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Your roof is of utmost importance - and expensive to replace.

Nesting seagulls as well as raccoons or squirrels can wreak tremendous havoc on your roof. Take care of pest birds or animal wildlife before their activities threaten the structural integrity of your building. This is equally important for residental and industrial properties.

 

Here is a list of best practices for keeping roof damage (and pest birds or animal wildlife) at bay:

  1. Inspect the roof and eaves for pest issues at least once every quarter. 
    This includes insects, rodents, birds, and other wildlife. Signs of activity could include chewed or gnawed wiring, seals, or objects; buildup of excrement/droppings or feathers; or the presence of live or dead pests.

  2. Clear leaf debris off of rooftops and out of gutters.
    Leaf debris cancreate an excellent harborage for pests such as large cockroaches and ants.

  3. Ensure that there are no trees that overhang or touch the roof.
    Trees that touch or are near rooftops create excellent access points for pests and nuisance wildlife.

  4. Remove any standing or pooling water. 
    Many pests, like humans, need water for drinking, grooming, and breeding. Rodents, birds, insects, and mosquitoes can take advantage of even small puddles. Flat rooftops are especially vulnerable to pooling water.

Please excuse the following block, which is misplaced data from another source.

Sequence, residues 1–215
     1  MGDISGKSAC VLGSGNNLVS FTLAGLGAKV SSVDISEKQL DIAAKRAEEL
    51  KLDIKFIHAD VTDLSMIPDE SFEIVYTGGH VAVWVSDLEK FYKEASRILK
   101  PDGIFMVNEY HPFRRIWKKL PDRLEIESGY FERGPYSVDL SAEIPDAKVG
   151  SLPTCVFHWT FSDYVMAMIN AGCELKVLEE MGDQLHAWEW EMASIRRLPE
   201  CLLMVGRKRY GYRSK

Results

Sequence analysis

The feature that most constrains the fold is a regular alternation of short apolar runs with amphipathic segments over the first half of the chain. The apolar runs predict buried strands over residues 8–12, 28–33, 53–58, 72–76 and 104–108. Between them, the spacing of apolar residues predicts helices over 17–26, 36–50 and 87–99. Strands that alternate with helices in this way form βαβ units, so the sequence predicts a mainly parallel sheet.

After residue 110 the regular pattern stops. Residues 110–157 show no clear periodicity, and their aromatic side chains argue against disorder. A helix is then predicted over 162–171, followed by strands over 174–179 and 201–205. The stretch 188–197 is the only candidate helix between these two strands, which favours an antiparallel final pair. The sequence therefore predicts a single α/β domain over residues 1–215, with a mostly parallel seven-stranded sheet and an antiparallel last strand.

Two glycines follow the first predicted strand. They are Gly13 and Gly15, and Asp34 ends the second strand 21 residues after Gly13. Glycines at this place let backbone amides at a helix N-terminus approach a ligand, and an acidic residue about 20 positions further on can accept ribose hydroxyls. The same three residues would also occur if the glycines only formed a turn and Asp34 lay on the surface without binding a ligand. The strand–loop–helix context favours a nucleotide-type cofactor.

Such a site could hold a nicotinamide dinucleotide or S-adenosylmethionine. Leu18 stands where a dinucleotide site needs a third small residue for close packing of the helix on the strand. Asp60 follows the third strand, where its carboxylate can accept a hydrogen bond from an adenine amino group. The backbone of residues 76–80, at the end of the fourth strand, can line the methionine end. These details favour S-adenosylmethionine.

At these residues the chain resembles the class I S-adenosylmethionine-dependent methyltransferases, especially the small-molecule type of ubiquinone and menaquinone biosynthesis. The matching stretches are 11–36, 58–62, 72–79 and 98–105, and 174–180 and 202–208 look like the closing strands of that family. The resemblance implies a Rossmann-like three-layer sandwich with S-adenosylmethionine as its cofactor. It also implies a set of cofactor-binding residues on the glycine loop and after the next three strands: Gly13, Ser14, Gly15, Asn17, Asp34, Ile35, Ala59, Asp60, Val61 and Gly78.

5. Investigate and repair potential roof leaks quickly.
    Some pests can live and thrive in roofing material if even a small leak goes unrepaired.

  6. Check that all roof drains are free of obstructions or debris.
    This will help prevent pooling water.

  7. Install vent covers on all open vents.
    Vents provide easy access to your facility, especially for rodents and nuisance wildlife.

  8. Install chimney caps.
    This will prevent rodents, birds, bats, or other wildlife from gaining access to fireplaces.

  9. Check screens on the inside of gable vents, ridge vents, and other roof vents.
    Birds, wildlife, and many insects can use these areas to access attic voids.

  10. Seal gaps around piping, cabling, or vents.
    Use rodent-proof material such as copper mesh, harware cloth, and metal.

  11. Check to ensure there are no gaps between the HVAC unit and the surface on which it is installed.
    This can be a safe and warm nesting spot for birds.

  12. Be sure that HVAC panels are tightly closed.
    Birds will enter these areas if they are larger than an inch.